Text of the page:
CWWA Public Attitudes Project: Changing Public Attitudes on the ...

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Public Attitudes Project 2015

Changing Public Attitudes on the Value of Canada’s Water System Infrastructure

Table of Contents 3 Introduction 4 Public Attitudes and the Infrastructure Challenge 6 The Public Attitudes Project 8 New Attitudes 10 Target Audiences 13 Core Messages 19 Suggested Tips 23 Sharing Ideas 24 Participants 26 Survey Respondents


What Is This Repor t About?


very community across Canada is facing significant challenges to maintain and renew its municipal infrastructure, which includes water and wastewater systems— critical services that, too often, seem to be forgotten in the shadow of the others. This report is about how we get water and wastewater infrastructure seen as priorities in communities so they might receive an appropriate share of government funding. While the formal decision for how public funds are expended rests at a political level, those decisions must be supported, or at least understood, by the general public. Frighteningly, according to the RBC Canadian Water Attitudes Study, barely half of Canadians know where their water comes from, how it is treated, or what happens to their waste. Even fewer have any concept of the condition of their municipal systems or the need for investment. Even those who do recognize water as a priority and support investment in water systems do not grasp the magnitude of the challenges.

Water is also the most crucial element of our economy. You would be hard pressed to name an industry that is not reliant on water in some way. The health and economy of every community relies upon reliable sources of clean water. All municipal services are important, but without water, a community cannot exist.

Designing the Project CWWA looked to a wider community of water leaders and thinkers, as well as the business community and the health sector, for examples of successes in changing attitudes.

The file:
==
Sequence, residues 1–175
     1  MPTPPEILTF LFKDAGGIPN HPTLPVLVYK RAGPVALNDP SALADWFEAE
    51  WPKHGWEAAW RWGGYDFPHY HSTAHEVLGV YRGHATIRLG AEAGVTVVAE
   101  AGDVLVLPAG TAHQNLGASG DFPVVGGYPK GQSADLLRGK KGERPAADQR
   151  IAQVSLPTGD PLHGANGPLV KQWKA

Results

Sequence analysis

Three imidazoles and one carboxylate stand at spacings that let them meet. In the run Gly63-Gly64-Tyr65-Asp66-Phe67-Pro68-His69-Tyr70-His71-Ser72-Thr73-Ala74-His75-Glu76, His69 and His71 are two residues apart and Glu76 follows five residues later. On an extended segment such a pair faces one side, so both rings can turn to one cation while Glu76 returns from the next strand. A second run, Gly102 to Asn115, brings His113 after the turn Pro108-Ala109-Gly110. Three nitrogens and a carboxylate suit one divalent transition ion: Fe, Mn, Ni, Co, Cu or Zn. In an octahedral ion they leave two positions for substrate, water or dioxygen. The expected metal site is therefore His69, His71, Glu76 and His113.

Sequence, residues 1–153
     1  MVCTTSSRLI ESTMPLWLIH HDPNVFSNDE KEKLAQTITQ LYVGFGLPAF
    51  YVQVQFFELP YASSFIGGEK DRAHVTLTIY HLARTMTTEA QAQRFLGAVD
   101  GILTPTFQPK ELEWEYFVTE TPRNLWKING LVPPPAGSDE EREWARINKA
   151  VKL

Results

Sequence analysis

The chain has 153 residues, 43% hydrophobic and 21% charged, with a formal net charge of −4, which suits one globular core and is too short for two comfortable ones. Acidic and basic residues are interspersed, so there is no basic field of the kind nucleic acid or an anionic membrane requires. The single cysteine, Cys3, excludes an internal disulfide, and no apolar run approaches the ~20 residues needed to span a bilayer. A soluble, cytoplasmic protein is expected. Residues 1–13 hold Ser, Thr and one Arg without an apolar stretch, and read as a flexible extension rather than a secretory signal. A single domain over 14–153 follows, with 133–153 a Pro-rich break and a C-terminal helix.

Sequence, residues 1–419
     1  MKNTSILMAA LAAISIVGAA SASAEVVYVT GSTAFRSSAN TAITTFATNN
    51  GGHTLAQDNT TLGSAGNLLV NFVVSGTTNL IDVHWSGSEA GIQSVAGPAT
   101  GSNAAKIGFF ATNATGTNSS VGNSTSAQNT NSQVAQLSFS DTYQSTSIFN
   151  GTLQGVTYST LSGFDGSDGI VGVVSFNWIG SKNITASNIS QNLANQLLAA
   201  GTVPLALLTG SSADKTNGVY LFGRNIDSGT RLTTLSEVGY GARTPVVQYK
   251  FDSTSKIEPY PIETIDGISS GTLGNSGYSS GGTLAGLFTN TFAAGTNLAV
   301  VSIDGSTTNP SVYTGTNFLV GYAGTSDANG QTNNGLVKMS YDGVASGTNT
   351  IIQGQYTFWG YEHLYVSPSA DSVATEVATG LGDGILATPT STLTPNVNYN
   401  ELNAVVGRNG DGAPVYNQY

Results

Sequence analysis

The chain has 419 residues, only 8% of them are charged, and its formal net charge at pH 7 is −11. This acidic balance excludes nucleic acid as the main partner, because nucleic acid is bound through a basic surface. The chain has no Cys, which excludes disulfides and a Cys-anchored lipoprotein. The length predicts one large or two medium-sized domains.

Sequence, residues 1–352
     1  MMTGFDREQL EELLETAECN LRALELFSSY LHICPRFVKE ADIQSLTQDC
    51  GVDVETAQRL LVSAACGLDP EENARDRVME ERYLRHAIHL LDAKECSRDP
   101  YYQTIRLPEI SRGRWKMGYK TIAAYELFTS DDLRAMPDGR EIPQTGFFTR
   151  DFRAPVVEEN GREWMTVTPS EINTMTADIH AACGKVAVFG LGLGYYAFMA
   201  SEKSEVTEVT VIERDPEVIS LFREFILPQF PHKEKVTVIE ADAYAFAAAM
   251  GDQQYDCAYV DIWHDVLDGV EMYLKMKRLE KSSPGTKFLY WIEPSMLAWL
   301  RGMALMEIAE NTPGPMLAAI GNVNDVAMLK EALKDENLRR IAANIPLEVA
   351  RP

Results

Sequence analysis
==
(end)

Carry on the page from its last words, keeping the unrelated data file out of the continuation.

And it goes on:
This report is about how we get water and wastewater infrastructure seen as priorities in communities so they might receive an appropriate share of government funding. To focus the discussion, we framed it around a few simple questions: What is the attitude that we want the public to have? Who are our target audiences? What are some of the messages we might use for each audience? And how might we best convey those messages?

What Do We Do With This Report Now?

The general philosophy behind this report is that, to build public support, we need to better educate the public so they understand how their water systems work, what needs to be done, and what will happen if we don’t act soon.

This is certainly not a final communications plan, but rather the first step. We hope this can be a framework for developing a communications plan in your community, or the start of a cooperative national effort.

The Value of Water

We hope it starts to answer the four questions we posed above and provides great ideas from the water leaders and communications experts we gathered from across Canada.

For those of us in the water community, it can be difficult to stand up and say that water is more important than other municipal services, but water is life.

Robert Haller, Executive Director, CWWA

Public Attitudes Project 2015


Public Attitudes and the Infrastructure Challenge

The Challenge


e recognize that there are many facets to our industry: water treatment, water distribution, wastewater collection, and wastewater treatment, as well as source protection and stormwater management. While each can be seen as a unique process on its own, they are united as part of one complete cycle. The physical elements of that cycle form water infrastructure. As we consider the many issues facing each phase of that cycle, we recognize that almost all relate to infrastructure challenges in